Janet Beer: ministers should not publicly criticise university teaching

University of Liverpool vice-chancellor says remarks harm UK’s global reputation

October 8, 2015
Janet Beer University of Liverpool

The UK is in danger of “shooting ourselves in both feet” when leaders criticise the quality of university teaching in public, a senior academic has claimed.

Janet Beer, vice-chancellor at the University of Liverpool, said universities need to pay “rigorous attention to the quality of what happens in our lecture halls” but it “does not do us any good reputationally when we beat ourselves up in public”.

Speaking at a conference on transnational education hosted by Universities UK and the UK Higher Education International Unit, Professor Beer said: “When our minister describes the quality of some of our lectures as ‘lamentable’, it is not a great moment for higher education.”

Last month universities minister Jo Johnson claimed in a speech at UUK’s annual conference that “lamentable teaching” is damaging the reputation of British higher education.

Professor Beer added: “There is some brilliant stuff going on at universities in this country, and indeed some very creative and inventive pedagogy in overseas contexts.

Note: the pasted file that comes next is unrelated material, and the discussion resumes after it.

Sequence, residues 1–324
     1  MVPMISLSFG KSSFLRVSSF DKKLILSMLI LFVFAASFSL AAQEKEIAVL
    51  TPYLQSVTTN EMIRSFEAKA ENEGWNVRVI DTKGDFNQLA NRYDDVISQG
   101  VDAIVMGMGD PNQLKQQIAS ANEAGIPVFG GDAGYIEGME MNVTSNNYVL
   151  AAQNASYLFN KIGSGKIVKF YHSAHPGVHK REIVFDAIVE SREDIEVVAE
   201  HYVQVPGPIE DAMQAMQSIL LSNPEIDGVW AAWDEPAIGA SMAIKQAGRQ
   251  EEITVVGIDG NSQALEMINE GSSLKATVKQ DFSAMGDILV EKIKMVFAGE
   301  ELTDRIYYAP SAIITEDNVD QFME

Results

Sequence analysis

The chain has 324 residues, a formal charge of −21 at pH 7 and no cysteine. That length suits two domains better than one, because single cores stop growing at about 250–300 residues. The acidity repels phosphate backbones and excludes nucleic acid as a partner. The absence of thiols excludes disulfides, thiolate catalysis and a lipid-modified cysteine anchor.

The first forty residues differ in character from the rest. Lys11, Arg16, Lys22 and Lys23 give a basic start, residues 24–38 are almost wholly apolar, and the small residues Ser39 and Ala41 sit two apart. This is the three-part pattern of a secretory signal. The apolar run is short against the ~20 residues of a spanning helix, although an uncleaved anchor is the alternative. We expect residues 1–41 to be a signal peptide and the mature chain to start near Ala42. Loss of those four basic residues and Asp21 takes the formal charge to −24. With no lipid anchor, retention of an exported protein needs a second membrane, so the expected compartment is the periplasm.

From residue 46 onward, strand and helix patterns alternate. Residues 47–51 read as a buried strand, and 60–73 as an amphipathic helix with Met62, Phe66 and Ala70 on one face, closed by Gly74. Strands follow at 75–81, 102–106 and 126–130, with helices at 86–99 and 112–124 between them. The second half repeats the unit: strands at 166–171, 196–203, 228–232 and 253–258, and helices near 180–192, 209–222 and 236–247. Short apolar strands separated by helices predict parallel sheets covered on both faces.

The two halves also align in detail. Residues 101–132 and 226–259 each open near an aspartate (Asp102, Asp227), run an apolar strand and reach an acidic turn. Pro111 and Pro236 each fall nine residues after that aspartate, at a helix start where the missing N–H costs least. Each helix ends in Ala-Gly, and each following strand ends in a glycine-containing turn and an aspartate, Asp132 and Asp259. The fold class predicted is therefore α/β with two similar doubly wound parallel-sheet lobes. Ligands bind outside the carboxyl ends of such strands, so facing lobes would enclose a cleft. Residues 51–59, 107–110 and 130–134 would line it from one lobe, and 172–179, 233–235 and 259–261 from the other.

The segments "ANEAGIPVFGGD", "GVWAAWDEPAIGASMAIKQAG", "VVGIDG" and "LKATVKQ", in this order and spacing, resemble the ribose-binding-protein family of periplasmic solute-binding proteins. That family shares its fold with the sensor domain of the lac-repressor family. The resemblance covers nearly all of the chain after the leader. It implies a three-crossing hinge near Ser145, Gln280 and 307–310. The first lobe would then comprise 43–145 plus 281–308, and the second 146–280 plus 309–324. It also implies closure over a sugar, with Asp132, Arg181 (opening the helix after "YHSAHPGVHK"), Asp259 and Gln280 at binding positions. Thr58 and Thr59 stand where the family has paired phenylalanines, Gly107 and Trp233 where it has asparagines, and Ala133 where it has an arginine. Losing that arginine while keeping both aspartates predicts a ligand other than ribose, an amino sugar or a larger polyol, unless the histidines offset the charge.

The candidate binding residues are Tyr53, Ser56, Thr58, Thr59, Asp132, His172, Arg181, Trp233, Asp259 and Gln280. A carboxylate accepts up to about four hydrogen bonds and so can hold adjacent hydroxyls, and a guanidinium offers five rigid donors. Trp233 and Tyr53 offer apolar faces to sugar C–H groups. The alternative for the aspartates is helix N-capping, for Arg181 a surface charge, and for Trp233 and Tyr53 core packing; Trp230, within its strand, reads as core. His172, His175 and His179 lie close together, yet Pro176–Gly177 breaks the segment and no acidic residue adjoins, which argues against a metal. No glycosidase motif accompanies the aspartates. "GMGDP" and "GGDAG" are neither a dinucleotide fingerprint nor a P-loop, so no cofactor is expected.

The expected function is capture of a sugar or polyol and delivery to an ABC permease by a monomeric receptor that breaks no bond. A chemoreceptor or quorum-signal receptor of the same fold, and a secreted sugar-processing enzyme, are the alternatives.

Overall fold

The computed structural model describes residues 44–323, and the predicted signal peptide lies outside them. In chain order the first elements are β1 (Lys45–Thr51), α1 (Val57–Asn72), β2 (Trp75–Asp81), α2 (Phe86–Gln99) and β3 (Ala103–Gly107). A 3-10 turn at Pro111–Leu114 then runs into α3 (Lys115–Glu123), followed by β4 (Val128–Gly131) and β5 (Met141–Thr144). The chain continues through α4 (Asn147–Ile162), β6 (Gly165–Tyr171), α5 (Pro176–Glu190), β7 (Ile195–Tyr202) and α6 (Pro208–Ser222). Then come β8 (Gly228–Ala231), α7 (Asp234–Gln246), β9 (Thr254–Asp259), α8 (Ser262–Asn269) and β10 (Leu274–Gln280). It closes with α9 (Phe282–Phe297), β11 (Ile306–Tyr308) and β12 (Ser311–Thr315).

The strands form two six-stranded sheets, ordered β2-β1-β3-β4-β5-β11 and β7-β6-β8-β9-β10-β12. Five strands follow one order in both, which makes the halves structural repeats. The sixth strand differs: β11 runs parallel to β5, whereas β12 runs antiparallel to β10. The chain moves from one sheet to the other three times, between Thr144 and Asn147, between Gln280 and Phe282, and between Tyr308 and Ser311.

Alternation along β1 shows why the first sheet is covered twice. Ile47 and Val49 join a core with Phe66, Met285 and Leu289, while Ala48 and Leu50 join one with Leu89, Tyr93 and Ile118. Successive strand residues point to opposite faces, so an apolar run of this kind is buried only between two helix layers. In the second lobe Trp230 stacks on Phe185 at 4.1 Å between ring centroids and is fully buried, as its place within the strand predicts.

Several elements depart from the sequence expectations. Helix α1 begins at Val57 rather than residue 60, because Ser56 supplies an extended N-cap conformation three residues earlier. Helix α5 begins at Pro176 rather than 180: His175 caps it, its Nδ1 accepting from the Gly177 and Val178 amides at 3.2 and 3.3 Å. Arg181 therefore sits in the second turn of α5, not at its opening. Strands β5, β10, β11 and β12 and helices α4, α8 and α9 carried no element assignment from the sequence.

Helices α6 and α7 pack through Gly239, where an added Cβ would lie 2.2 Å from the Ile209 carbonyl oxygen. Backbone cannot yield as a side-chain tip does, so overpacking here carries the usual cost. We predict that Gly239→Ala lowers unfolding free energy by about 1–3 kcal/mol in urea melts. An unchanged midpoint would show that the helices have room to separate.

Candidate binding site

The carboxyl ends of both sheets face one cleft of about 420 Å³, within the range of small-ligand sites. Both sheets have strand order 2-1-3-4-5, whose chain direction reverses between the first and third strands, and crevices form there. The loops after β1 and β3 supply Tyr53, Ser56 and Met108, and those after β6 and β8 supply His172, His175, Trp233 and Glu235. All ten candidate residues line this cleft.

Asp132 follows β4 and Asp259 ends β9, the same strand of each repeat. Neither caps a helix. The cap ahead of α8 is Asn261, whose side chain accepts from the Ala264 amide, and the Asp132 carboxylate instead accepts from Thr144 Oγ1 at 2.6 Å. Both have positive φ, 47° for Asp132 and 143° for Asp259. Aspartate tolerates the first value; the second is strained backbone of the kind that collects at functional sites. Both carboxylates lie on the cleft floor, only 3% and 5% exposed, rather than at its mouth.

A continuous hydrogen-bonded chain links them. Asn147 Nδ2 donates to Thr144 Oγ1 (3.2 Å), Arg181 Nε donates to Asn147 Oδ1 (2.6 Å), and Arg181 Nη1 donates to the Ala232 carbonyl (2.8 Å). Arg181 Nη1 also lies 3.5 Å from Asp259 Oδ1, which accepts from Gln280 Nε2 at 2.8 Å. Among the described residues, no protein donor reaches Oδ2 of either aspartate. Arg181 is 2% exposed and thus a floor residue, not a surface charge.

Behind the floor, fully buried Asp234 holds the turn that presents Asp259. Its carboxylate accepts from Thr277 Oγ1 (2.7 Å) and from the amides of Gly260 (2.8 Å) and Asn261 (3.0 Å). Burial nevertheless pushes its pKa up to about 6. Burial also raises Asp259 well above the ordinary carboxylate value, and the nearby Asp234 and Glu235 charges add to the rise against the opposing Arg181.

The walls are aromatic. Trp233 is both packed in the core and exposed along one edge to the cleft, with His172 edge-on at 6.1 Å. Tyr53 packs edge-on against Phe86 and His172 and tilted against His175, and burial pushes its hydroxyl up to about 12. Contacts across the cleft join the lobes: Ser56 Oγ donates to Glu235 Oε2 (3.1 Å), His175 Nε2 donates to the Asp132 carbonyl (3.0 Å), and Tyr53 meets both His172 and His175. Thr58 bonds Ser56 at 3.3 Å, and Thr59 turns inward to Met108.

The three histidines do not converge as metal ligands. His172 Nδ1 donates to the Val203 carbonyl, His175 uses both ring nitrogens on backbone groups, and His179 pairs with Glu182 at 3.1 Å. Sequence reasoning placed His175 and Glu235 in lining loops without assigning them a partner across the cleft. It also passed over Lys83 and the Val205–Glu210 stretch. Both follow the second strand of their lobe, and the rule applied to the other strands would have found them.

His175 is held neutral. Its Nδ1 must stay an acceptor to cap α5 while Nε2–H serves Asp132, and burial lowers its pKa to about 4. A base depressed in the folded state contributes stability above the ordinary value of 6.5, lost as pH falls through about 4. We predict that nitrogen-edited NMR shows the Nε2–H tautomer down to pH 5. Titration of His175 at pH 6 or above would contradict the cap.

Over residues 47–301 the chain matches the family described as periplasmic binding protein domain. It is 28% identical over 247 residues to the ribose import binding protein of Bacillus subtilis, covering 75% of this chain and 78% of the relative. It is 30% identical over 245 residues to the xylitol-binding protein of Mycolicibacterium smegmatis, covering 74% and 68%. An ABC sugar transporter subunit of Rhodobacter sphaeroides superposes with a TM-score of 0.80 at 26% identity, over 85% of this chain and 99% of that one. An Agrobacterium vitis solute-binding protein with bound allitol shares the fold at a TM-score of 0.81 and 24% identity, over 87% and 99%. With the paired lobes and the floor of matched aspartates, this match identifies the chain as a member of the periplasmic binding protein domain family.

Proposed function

“The expectation of students is quite rightly growing. I’m not saying all teaching is good; by no means am I saying that.

“We need to pay very rigorous attention to the quality of what happens in our lecture halls, seminar rooms and tutorials, but it does not do us any good reputationally when we beat ourselves up in public, which we seem to do on a reasonably regular basis.”

Meanwhile, Troy Heffernan, professor of transnational education and international director of Plymouth Business School at Plymouth University, said that as the competition for transnational education increases, so too will the tension between profitability and quality.

“There is a real tension, I’m finding, between profitability of the operation and the quality of the operation. Quality is key,” he said.

He advised universities involved with transnational education to ensure they have a full understanding of the Quality Assurance Agency code in this area and “examine” potential international partners “at an early stage”.

“The DNA has to be right on both sides. Ask, is it of benefit to your university? Is it of benefit to their institution? And will students come? You must answer yes to all three.”


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